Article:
Drax winds down coal plant spend

Drax saw pre-tax profit fall by £50 million in the six months to 30 June, compared to 2015. The removal of Levy Exemption Certificates and deteriorating commodity markets were to blame, the company said. The effect had been mitigated by higher income from ancillary services, which had revenue of £20 million, compared to  £6 million in 2015.

The company is “now, firmly, a predominantly renewable energy generator,” said chairman Philip Coz, because 70% of generation had came from biomass during the period, up from 37% in the period last year.

The future of the site’s coal units is not yet clear, although chief executive Dorothy Thompson has consistently called for support to convert them to biomass. The company has reviewed operations for the remaining coal units in the light of a likely phaseout of coal – although it is not clear when an expected consultation on the phaseout will be published.

But Drax expects little operation of the units in summer and has reduced planned maintenance work on one unit, saying “With lower investment comes risk of lower reliability but we are confident that the unit will continue to achieve an appropriate rate-of-return, as well as be available to provide critical system support should the grid require it.”

Drax is now hoping that a Contract for Difference (CfD) for power from conversion of another unit to biomass will receive State Aid approval in the autumn. The company noted that the supply chain for wood pellets, which fuel its converted plants, had been hit by warm winters and low prices. Some suppliers were in ‘financial distress’ and liquidity was limited, although Drax has long-term contracts. It expects growth to stabilise supply – biomass will be used to fuel plants at Lynemouth and Teesside in the UK, and further projects in the Netherlands, Belgium, Korea and Japan.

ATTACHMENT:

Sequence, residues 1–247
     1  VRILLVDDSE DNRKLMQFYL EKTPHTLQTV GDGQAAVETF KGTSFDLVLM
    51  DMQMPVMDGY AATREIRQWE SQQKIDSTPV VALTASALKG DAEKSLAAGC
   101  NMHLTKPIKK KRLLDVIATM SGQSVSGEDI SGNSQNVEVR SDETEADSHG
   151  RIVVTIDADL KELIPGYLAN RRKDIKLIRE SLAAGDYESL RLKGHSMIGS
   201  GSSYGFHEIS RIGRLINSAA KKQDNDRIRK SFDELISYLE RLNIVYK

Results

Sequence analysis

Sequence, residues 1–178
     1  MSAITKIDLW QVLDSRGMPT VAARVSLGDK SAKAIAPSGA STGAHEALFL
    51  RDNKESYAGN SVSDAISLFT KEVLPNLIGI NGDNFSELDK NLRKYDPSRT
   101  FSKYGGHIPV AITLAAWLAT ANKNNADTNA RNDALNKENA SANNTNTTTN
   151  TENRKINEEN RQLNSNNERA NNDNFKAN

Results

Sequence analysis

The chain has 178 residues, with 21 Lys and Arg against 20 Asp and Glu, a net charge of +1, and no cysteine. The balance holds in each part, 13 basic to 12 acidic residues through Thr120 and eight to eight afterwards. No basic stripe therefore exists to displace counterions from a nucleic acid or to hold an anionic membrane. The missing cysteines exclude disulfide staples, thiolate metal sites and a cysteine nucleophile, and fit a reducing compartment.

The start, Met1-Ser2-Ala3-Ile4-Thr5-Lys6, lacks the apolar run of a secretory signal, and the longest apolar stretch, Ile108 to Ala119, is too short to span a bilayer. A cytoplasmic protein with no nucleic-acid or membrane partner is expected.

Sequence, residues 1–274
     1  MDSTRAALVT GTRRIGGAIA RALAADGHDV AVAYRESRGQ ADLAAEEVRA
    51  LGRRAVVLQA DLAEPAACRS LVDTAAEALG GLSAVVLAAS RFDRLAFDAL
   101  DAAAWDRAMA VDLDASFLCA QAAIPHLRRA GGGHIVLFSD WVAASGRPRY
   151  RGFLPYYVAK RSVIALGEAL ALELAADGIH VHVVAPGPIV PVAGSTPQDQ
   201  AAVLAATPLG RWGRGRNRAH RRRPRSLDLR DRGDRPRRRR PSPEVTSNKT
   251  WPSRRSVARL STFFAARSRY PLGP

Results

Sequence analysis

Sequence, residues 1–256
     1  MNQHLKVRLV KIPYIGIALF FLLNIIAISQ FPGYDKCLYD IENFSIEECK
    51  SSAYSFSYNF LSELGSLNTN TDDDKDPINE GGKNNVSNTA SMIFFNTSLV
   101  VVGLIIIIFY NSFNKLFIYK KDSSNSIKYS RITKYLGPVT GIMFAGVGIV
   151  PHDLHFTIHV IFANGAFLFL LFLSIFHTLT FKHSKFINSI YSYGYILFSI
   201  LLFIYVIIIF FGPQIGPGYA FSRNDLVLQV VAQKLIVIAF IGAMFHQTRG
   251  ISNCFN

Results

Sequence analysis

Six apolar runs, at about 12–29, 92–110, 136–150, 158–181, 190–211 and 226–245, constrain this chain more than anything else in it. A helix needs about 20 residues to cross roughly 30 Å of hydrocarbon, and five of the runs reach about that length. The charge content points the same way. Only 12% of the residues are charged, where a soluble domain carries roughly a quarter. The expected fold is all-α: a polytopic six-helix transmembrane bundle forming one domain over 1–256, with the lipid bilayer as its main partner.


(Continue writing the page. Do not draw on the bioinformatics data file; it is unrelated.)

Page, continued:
The company said the outcome of the Brexit vote “may increase the level of regulatory and political risk as arrangements are made for the UK Parliament to take full control of all policy-making which impacts the UK energy industry. The Board is monitoring this situation closely, and recognises the current uncertainty, but at this stage we do not detect increasing risks”.